Deflation and depression: is there an empirical link?
Andrew Atkeson and
Patrick Kehoe ()
No 331, Staff Report from Federal Reserve Bank of Minneapolis
Are deflation and depression empirically linked? No, concludes a broad historical study of inflation and real output growth rates. Deflation and depression do seem to have been linked during the 1930s. But in the rest of the data for 17 countries and more than 100 years, there is virtually no evidence of such a link.
Keywords: Deflation (Finance); Depressions (search for similar items in EconPapers)
New Economics Papers: this item is included in nep-mac, nep-mon and nep-rmg
References: View references in EconPapers View complete reference list from CitEc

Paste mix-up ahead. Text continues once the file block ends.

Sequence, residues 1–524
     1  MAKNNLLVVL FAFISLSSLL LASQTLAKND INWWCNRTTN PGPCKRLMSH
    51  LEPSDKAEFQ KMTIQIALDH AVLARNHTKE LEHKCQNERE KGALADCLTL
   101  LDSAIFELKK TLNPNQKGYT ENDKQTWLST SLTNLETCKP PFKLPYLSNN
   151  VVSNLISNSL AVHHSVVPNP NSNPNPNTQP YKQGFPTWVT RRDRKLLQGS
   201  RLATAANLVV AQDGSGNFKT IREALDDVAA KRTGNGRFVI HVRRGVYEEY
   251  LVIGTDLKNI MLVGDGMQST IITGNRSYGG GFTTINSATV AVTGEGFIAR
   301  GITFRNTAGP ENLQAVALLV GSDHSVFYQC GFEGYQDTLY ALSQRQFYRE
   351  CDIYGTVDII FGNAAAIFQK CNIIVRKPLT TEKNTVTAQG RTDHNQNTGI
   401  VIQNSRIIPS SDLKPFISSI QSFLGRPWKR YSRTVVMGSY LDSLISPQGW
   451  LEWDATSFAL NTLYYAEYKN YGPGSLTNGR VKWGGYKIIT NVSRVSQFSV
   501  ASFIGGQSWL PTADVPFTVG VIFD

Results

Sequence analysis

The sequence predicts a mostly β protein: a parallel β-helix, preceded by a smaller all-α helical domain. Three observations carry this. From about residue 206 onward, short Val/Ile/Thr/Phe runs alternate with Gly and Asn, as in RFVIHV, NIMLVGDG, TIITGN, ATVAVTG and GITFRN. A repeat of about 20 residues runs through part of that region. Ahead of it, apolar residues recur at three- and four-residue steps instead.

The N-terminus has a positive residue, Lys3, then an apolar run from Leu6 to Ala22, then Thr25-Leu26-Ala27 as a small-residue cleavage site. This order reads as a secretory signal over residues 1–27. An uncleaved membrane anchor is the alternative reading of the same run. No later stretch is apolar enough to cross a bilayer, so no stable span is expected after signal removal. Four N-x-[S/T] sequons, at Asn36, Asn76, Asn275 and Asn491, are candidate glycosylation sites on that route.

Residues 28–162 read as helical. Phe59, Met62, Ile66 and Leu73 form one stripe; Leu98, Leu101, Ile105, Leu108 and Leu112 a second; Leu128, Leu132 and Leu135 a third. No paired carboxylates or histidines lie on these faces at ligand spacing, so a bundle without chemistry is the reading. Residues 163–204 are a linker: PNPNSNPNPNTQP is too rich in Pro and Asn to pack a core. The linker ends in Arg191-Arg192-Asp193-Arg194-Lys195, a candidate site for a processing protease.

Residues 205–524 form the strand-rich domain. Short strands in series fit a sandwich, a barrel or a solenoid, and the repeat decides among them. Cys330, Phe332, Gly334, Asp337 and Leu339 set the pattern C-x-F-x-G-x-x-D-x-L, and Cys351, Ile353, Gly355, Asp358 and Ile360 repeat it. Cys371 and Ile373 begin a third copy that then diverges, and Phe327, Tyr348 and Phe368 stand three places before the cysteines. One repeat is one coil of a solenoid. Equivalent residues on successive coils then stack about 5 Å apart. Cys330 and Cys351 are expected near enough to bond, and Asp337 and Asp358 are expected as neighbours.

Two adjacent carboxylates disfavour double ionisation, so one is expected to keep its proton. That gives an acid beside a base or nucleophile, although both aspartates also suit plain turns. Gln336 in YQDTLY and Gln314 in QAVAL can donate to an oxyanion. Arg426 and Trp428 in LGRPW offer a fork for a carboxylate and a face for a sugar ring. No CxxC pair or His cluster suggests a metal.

Citations View citations in EconPapers (15) Track citations by RSS feed
Published in American Economic Review> (Vol. 94, No. 2, May 2004, pp. 99-103)
Downloads: (external link)
Journal Article: Deflation and Depression: Is There an Empirical Link? (2004)
Working Paper: Deflation and Depression: Is There and Empirical Link? (2004)
This item may be available elsewhere in EconPapers: Search for items with the same title.
Export reference: BibTeX
RIS (EndNote, ProCite, RefMan)
Persistent link: http://EconPapers.repec.org/RePEc:fip:fedmsr:331
Ordering information: This working paper can be ordered from
Access Statistics for this paper
More papers in Staff Report from Federal Reserve Bank of Minneapolis Contact information at EDIRC.
Series data maintained by Janelle Ruswick ().